The Evolution of an NTD programme in Nigeria

Nigeria child being measured identify
correct dosage for riverblindness
treatment. Image Kate Holt SightSavers

In 2013, Nigeria launched its first multi-year national plan for the control and elimination of neglected tropical diseases (NTD Master Plan). For a country that bears the largest NTD burden within Sub-Saharan Africa and the world’s highest burden for onchocerciasis and schistosomiasis, the NTD Master Plan provides a platform for Nigeria to stimulate global efforts to reach elimination and control of diseases under The London Declaration on NTDs and the Millennium Development Goals.

The evolution of the Nigeria onchocerciasis (also known as river blindness) through the NTD and eye health communities working together programme embodies this collaborative approach.

The first national blindness survey

The Nigeria National blindness survey which took place between 2005 and 2007 established that the prevalence of blindness due to river blindness and trachoma was significant. To address the issue of blinding NTDs comprehensively in Nigeria, the ministry of health would need to bring together primary eye care workers alongside community drug distributors (CDDs) for NTD treatments.

Reaching under-served communities

Through this partnership, both health and community structures have been developed in Nigeria leading to over 22,000 health workers and 200,000 community drug distributors trained. The project demonstrated that is was easier to reach the rural communities with eye health services using the NTD structure.

Delivering NTD and eye health programmes

Working together, the PEC workers trained CDDs to include promotion of eye health in their messaging on blinding NTDs. Both groups worked collaboratively to ensure that community members who needed it were referred for treatments with CDDs referring eye health cases to the PEC workers. As well as increasing the reach of the programme it also strengthened the coordination and surveillance mechanisms as well as building capacity at the community levels for eye care.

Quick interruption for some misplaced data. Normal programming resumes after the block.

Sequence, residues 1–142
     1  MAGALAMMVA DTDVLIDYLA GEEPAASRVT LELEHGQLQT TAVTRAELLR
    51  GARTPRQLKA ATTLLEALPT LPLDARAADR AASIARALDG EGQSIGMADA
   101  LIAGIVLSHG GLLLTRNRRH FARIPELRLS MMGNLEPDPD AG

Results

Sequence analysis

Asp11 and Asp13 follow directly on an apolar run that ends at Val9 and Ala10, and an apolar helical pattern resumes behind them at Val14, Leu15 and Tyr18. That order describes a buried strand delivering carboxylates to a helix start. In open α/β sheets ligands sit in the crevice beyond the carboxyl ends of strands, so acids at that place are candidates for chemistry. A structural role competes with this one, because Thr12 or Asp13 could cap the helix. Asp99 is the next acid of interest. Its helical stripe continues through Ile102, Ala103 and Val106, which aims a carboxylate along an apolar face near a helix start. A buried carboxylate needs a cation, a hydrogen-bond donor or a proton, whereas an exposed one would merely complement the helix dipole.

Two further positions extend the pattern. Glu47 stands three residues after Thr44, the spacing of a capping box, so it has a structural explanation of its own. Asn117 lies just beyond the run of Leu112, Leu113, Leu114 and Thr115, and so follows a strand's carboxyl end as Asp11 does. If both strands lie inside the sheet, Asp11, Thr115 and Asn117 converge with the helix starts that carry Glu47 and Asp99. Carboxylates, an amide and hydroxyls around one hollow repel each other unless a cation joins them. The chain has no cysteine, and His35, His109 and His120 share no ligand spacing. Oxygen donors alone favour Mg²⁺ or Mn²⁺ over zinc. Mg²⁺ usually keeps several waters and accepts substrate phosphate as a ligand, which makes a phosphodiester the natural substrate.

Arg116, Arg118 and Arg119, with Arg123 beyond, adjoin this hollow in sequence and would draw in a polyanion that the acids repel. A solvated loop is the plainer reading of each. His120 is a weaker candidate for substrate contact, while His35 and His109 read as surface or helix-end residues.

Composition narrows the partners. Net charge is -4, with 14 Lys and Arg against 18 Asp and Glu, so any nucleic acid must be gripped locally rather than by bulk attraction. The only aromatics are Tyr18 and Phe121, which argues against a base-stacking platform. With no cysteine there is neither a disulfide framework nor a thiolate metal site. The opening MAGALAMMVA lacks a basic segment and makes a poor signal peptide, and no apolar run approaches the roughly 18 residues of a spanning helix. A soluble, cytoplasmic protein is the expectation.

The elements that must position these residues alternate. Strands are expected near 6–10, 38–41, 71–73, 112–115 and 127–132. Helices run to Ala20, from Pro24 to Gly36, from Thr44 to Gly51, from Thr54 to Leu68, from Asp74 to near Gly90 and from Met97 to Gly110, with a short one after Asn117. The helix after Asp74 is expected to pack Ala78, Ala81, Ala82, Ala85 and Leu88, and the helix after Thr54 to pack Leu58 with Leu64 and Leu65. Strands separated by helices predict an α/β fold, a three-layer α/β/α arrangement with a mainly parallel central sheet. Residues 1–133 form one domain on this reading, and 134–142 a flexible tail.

Benefits of collaboration

Evidence from the Nigeria experience has shown that integration of control interventions for several related NTDs and other health conditions is feasible, provides value for money and in line with principles of right to health. Successful examples within NTD control and elimination show that the MOH must be in the lead but with full participation of all stakeholders, including communities, other ministries, NGDOs, and donors to achieve implementation goals.

A Nigeria free of NTDs

The vision of the NTD master plan is to achieve a Nigeria free of Neglected Tropical Diseases and its integrated approach acts as a strong tool to improve health and other development outcomes at minimal costs to health systems. Nigeria’s commitment to addressing NTDs through the launch of the NTD master plan highlights the importance of not only recognizing NTDs as a major health concerns, but also of simultaneously recognizing the role that addressing these diseases can play reducing poverty and improving the quality of life for Nigerians.